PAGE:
Description

CROSS-REFERENCE TO RELATED APPLICATIONS

This application claims the benefit of U.S. Provisional Application No. 60/710,710, filed Aug. 23, 2005.

BACKGROUND

The present invention relates generally to resonating star gyroscopes and fabrication methods relating thereto.

Low power vibratory microgyroscopes are needed in numerous consumer applications due to their small size, low power and ease of fabrication. Vibratory gyroscopes, which are based on transfer of energy between two vibration modes of a structure, can operate in either matched-mode or split-mode condition.

Under matched-mode condition, the sense mode is designed to have the same (or nearly the same) resonant frequency as the drive mode. Hence, the rotation-induced Coriolis signal is amplified by the Q of the sense mode (which can be high in vacuum).

In split-mode condition, the drive and sense modes are separated in resonant frequency. Due to Q amplification, gyroscopes operated under matched-mode configuration offer higher sensitivity and better resolution.

Resonant matched devices are themselves broadly classified into two types depending upon the nature of their operating modes. Type I devices rely on non-degenerate vibration modes for driving and sensing. The tuning fork gyroscope is an example of a type I gyroscope. As reported by M. F. Zaman, A. Sharma, B. Amini, F. Ayazi, in “Towards Inertial Grade Microgyros: A High-Q In-Plane SOI Tuning Fork Device”, Digest, Solid-State Sensors and Actuators Workshop, Hilton Head, S.C., June 2004, pp. 384-385, it is often difficult to achieve and maintain mode matching in these devices. Type II devices on the other hand function with degenerate vibration modes and are invariably easier to match and operate under matched condition. A shell type gyroscope such as the vibrating ring gyroscope disclosed by F. Ayazi and K. Najafi, in “A HARPSS Polysilicon Vibrating Ring Gyroscope”, IEEE/ASME JMEMS, June 2001, pp. 169-179, is an example of a type II gyroscope.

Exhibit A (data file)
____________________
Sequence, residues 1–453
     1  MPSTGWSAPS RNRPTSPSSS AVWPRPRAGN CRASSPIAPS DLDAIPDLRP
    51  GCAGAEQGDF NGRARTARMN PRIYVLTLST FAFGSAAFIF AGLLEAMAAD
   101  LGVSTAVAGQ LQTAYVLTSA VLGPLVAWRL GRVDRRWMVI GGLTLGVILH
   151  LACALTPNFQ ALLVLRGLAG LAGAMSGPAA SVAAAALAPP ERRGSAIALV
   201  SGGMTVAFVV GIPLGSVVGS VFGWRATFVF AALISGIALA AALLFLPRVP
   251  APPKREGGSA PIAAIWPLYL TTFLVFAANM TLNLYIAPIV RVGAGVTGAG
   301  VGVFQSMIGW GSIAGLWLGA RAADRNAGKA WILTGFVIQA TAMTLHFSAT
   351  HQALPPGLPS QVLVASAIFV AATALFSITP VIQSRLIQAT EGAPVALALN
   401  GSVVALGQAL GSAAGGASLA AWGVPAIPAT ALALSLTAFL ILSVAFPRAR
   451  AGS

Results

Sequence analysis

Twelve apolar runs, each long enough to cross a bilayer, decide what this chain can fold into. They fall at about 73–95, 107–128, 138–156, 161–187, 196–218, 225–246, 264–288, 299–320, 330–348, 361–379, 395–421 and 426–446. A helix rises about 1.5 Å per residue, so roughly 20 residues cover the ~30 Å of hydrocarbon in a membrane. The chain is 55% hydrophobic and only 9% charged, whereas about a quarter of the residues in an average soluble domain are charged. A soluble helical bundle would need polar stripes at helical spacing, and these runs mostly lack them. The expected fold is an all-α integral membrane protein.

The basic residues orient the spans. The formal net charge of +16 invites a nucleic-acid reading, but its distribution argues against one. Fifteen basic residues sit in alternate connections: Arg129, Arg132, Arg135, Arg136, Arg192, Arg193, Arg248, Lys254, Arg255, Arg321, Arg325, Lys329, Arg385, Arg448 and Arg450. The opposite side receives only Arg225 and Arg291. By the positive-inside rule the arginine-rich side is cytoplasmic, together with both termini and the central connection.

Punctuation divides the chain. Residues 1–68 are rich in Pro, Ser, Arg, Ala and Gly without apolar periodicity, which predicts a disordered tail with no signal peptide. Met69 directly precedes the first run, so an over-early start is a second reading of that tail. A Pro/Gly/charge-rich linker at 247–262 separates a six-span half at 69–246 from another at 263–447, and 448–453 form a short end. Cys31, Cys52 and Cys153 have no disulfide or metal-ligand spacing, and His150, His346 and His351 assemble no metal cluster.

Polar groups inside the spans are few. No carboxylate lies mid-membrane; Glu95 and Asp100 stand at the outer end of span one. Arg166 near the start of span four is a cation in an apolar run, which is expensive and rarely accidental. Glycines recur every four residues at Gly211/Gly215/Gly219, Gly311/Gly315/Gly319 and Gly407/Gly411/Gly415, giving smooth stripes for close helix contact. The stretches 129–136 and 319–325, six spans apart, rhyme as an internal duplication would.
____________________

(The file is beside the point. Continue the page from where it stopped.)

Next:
The resonating star gyroscope represents a class of type-II vibratory gyroscope that has distinct performance advantages over the existing counterparts.

BRIEF DESCRIPTION OF THE DRAWINGS